Lewis Moody has had a tough time of it these last few months.
Injured in January and again towards the end of the Premiership season, he joined his fellow World Cup candidates in summer camp with his right knee in a rare old state. In the first of the August warm-up matches against Wales at Twickenham, the ravaged ligament flared once more and he was out of commission for another few weeks. Even here, as he embarked on a campaign he had feared he would miss completely, there were problems that shook him to the core.
"The medical team held me back from the opening match against Argentina, much to my annoyance, but it was totally the right call," the captain said yesterday. "It meant I was right for Georgia, and while the knee issue was in the back of my mind in the days leading into the game, I was convinced I was fit. Then, during the warm-up, I felt a slight tweak and had an 'oh no, what do I do now?' moment. Was it a question of telling the physios, or getting on with it? Fortunately, I didn't feel it once during the actual match. As things stand now, I have no fitness concerns at all. Not one iota of a problem."
Now in his 11th year as an international sportsman, the debate continues as to whether the Bath flanker is a genuine breakaway forward. Some international coaches see him as a high-class No 7; others argue he is a blind-side with a hint of open-side in his rugby DNA; still more insist that he should stick to the No 6 role and have done with it. This much is certain: Moody brings something unique to the England back-row operation: a mix of energy, aggression, persistence and utter selflessness – his disregard for his own physical well-being is legendary – that makes him as effective in his own way as any other red-rose forward of the last six or seven years.
He has had to draw on all his rich experience of World Cup rugby – he was on the field when England won the 2003 tournament and started the final four years ago – and put his best foot forward on the man-management front to hold things together here, in the face of so much rotten publicity. "In a competition like this, you're cocooned to a degree: the players live in a bubble," he remarked. "I've never read much that is written or listened much to the stuff that is broadcast and I try to stay as far away from it as possible, but as some of it is bound to get through, it's important that players insulate themselves and focus on what they're here to do. We've become very tight, I'm pleased to say. Everything that's happened has made us more connected."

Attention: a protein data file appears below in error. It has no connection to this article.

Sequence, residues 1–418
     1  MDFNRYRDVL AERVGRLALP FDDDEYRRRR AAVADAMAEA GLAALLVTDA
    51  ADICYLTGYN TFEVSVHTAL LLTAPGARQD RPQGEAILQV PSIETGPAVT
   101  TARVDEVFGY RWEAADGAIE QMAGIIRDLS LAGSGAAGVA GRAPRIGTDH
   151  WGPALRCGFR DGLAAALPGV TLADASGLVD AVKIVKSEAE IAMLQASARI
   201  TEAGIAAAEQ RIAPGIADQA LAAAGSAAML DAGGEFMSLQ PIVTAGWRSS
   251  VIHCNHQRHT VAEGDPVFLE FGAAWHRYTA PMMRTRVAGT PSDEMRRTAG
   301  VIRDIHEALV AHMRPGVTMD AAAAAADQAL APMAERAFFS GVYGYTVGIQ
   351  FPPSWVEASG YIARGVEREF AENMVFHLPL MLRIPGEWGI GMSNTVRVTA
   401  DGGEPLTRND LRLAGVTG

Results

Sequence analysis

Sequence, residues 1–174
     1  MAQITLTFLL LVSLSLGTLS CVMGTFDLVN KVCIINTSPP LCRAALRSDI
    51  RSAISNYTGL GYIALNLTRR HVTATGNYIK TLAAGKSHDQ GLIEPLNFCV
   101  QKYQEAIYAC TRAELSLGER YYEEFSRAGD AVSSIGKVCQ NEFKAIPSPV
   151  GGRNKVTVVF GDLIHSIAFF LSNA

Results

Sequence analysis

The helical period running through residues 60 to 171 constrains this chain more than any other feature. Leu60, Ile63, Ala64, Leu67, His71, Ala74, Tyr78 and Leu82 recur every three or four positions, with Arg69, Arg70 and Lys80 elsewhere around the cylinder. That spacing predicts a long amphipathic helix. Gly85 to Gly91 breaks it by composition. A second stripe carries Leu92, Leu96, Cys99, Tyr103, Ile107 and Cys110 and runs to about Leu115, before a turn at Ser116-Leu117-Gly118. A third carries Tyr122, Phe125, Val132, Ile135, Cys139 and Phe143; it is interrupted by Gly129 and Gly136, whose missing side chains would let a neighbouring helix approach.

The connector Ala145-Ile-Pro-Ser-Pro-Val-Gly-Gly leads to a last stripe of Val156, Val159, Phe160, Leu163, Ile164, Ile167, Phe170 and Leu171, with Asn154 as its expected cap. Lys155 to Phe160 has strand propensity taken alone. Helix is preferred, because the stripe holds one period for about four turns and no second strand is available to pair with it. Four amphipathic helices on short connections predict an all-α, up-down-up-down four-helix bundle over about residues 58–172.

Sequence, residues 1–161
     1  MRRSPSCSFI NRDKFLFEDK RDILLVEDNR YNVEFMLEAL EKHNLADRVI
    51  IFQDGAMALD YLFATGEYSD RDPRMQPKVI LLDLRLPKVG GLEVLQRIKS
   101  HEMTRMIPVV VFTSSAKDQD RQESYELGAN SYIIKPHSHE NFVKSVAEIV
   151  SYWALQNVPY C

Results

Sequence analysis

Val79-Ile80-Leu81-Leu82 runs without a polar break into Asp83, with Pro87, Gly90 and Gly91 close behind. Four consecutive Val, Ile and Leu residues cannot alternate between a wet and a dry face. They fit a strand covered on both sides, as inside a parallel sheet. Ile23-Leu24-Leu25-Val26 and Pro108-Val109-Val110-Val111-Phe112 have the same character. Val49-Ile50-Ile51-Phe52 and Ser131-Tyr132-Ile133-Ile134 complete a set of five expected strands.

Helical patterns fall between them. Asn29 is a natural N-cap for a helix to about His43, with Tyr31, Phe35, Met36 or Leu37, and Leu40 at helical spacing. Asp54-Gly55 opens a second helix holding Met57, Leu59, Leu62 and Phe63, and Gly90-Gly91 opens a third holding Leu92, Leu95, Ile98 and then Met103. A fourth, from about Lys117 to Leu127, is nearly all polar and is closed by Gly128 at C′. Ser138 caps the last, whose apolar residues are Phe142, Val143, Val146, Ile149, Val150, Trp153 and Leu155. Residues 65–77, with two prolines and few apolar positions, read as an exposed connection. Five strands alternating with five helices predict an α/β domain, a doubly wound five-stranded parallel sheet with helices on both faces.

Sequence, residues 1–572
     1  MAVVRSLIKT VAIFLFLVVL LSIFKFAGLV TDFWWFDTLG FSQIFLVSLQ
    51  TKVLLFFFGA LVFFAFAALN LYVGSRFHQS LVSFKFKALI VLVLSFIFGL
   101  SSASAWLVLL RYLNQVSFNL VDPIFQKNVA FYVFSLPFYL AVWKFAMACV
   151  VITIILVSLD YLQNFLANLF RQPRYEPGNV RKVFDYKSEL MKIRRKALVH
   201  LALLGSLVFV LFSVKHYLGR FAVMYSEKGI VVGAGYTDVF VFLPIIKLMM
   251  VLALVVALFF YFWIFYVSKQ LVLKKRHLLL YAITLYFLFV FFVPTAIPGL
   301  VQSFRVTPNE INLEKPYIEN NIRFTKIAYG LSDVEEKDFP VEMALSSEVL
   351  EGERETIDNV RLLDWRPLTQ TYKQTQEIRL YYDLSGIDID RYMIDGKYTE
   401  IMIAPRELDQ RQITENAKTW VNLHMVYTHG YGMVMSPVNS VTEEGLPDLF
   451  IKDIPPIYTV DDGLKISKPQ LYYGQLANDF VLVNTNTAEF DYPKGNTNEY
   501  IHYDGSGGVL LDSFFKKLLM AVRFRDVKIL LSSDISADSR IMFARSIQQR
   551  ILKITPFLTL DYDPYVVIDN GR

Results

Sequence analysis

He succeeded Steve Borthwick as captain and while Martin Johnson did not exactly cover himself in glory by making the change in the way he did – waiting for the Saracens lock to miss games through injury and then denying him the opportunity to restake his claim was hardly likely to win him a prize as the most enlightened human-resources specialist of the century – there is no denying that Moody has put his stamp on the job. There are still many internationals who regard Borthwick as the most committed and professional leader in the English game, but when he was at his most lugubrious, his most Eeyore-ish, he rubbed the rugby public up the wrong way. Moody, by contrast, is the feel-good factor personified: boundlessly optimistic, unfailingly positive.
Today could be his day. If he can lead the red-rose surge against a highly accomplished French loose combination of Thierry Dusautoir, Julien Bonnaire and Imanol Harinordoquy and drive England towards the last four, he and his team will have met the minimum standard required of them. If he could then find a way into the final and make a third consecutive appearance in the sport's great showpiece – an opportunity also open to Jonny Wilkinson, but to no one else – it will be an achievement to set down in the annals.
He takes no account of England's very decent record against this particular opposition – "History is history," he said when asked whether he and his team would take any psychological advantage into today's game – and has spent all week thinking about his own players rather than those who will oppose him. "You do your analysis, of course," he conceded, "but the main thing in a week like this is to make sure you're physically right for the game and that you're absolutely on top of the mental side, which is so important.
"These occasions are very intense. I have so much nervous energy at the moment, I'll probably pack and re-pack my kitbag 20 times – I'll do it so often, I'll actually increase the chances of forgetting my boots. To be honest, I wish I could just get out of bed and walk straight on to the pitch."Reuse content